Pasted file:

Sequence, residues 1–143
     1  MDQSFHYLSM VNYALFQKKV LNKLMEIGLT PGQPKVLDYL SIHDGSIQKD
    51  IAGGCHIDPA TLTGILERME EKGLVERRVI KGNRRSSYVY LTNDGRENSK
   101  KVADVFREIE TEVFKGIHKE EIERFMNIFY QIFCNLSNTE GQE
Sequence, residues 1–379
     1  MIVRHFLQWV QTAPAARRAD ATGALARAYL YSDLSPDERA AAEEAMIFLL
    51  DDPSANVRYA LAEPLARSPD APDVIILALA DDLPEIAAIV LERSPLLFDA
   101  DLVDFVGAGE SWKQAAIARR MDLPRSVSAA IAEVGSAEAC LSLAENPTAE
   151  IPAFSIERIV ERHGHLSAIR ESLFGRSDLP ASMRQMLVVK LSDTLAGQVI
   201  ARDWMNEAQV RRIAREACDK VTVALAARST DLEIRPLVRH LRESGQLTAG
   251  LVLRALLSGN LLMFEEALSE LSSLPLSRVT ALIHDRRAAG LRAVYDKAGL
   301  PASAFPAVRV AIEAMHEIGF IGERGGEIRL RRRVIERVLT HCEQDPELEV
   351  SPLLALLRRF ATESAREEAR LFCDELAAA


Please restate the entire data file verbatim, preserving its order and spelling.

Sequence, residues 1–143
     1  MDQSFHYLSM VNYALFQKKV LNKLMEIGLT PGQPKVLDYL SIHDGSIQKD
    51  IAGGCHIDPA TLTGILERME EKGLVERRVI KGNRRSSYVY LTNDGRENSK
   101  KVADVFREIE TEVFKGIHKE EIERFMNIFY QIFCNLSNTE GQE
Sequence, residues 1–379
     1  MIVRHFLQWV QTAPAARRAD ATGALARAYL YSDLSPDERA AAEEAMIFLL
    51  DDPSANVRYA LAEPLARSPD APDVIILALA DDLPEIAAIV LERSPLLFDA
   101  DLVDFVGAGE SWKQAAIARR MDLPRSVSAA IAEVGSAEAC LSLAENPTAE
   151  IPAFSIERIV ERHGHLSAIR ESLFGRSDLP ASMRQMLVVK LSDTLAGQVI
   201  ARDWMNEAQV RRIAREACDK VTVALAARST DLEIRPLVRH LRESGQLTAG
   251  LVLRALLSGN LLMFEEALSE LSSLPLSRVT ALIHDRRAAG LRAVYDKAGL
   301  PASAFPAVRV AIEAMHEIGF IGERGGEIRL RRRVIERVLT HCEQDPELEV
   351  SPLLALLRRF ATESAREEAR LFCDELAAA